This question was posed on a friend’s blog recently:
The other day, a friend of mine, who is also a mother of an autistic child, asked the question, “When should my son get baptized?” I’ve been thinking about this and other related questions a lot these days. Specifically, I am wondering, “What does spiritual growth and connection with God look like for a neuro-atypical person like Joshua?”
I so appreciate her honest pastoral, personal, and maternal response, and I am posting an excerpt here:
He [Joshua] understands tangible explanations like “First we are going to go potty then we will go for a ride in the car.” but there is no way that he is going to understand anything close to “Jesus died for your sins” or “You can trust God to give you peace in your heart”. Not even close.
So a verbal, conceptual link to God is out of the question for this kid. Unfortunately, this wipes out a lot of how I have come to know God and the spiritual life. Both of Joshua’s parents are English majors who have spent a heck of a lot of our lives teaching the Bible and conversing with people about our personal spiritual journeys. If talking and concepts are out, then how am I to understand how God is going to reach this child?
Does Josh have a spiritual journey too? Does he have choices that he will make to chose God? Is there a witness in his world that speaks to Josh of the love, grandeur, wonder, mystery and delightfulness of God? I’m pretty sure that the answer is “yes” but I’m at a loss to imagine how that works.
She concludes with this:
…I think that the question of Joshua and the spiritual journey is one that I, as a mother, will have to “ponder in my heart” for a long time. As the person who has the most up close seat to the drama of Joshua’s life, what will I come to see about how God reaches this amazing and precious person? I think that this is a parable that I will have for my whole life.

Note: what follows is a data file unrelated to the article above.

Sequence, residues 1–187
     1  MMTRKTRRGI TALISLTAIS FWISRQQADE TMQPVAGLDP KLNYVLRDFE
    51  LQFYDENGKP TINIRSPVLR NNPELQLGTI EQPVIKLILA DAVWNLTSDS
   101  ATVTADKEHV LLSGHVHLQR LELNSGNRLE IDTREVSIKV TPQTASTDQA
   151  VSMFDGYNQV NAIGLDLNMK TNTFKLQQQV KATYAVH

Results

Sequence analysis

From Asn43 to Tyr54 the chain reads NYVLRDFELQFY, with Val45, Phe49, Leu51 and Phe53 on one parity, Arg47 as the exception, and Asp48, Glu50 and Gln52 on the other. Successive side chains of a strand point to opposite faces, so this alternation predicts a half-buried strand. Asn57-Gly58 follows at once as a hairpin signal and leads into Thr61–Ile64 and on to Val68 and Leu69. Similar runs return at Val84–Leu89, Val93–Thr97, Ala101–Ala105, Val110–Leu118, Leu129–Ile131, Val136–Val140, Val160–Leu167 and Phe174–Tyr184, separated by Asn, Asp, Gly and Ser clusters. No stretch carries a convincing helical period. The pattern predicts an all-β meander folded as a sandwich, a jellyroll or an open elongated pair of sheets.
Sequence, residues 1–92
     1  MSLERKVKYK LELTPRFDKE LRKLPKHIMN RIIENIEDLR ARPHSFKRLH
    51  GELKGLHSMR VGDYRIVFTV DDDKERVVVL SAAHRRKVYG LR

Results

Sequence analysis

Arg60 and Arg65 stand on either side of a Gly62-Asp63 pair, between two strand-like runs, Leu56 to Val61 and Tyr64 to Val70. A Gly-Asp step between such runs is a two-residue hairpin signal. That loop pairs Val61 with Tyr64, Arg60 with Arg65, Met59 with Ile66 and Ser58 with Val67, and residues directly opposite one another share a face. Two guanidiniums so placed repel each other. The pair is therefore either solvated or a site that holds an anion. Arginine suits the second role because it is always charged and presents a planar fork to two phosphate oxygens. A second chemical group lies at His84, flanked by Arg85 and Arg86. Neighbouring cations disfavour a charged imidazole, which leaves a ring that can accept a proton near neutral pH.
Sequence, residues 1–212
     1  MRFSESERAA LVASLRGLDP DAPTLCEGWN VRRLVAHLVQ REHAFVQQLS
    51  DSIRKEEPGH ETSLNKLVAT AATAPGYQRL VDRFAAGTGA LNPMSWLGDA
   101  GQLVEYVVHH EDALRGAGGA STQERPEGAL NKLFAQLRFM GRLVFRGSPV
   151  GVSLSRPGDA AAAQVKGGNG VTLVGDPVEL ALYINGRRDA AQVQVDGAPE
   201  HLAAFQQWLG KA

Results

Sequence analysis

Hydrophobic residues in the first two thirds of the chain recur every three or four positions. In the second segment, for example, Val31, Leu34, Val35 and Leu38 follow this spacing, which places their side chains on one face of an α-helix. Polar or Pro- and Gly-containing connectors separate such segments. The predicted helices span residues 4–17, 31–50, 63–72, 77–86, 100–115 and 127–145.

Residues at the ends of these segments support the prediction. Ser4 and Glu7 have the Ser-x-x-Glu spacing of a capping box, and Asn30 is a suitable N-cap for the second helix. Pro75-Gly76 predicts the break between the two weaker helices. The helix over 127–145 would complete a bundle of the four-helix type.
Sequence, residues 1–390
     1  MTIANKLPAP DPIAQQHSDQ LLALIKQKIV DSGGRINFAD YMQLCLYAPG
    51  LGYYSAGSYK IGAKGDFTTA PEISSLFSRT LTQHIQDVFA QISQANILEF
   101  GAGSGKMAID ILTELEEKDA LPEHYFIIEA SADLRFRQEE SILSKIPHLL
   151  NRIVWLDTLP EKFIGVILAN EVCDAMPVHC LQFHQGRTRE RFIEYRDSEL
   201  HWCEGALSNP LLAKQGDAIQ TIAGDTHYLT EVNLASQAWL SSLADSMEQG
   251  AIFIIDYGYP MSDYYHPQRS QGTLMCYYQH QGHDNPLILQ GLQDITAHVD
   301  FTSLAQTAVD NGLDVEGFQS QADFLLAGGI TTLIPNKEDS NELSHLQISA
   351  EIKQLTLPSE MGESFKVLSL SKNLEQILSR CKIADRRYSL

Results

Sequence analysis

Thank you, Susan, for sharing yours and Joshua’s journey with us.
“The Sabbath, I said, is not only an idea. It is also something you keep. With other people.”
- Judith Shulevitz
This is an excellent post by Lavonne Neff, one of my new favorite reads. Like her, I commend Abraham Heschel’s book on the Sabbath to anyone, and hearing her rank this new offering as second to his in the must-read category certainly gets my attention.Unlike her, I have never been a part of a faith community that takes the Sabbath seriously. I have been with people who don’t even mention the idea apart from some Sunday School lessons given to children, as well as with people for whom the Sabbath has evolved to a verb, as in “I am sabbathing today”, with the emphasis on the “I”.
The understanding of the Sabbath as an individual pursuit in contrast with a communal celebration has bothered me. Shulevitz’s book appears to address this, and I am eagerly placing my Amazon order now.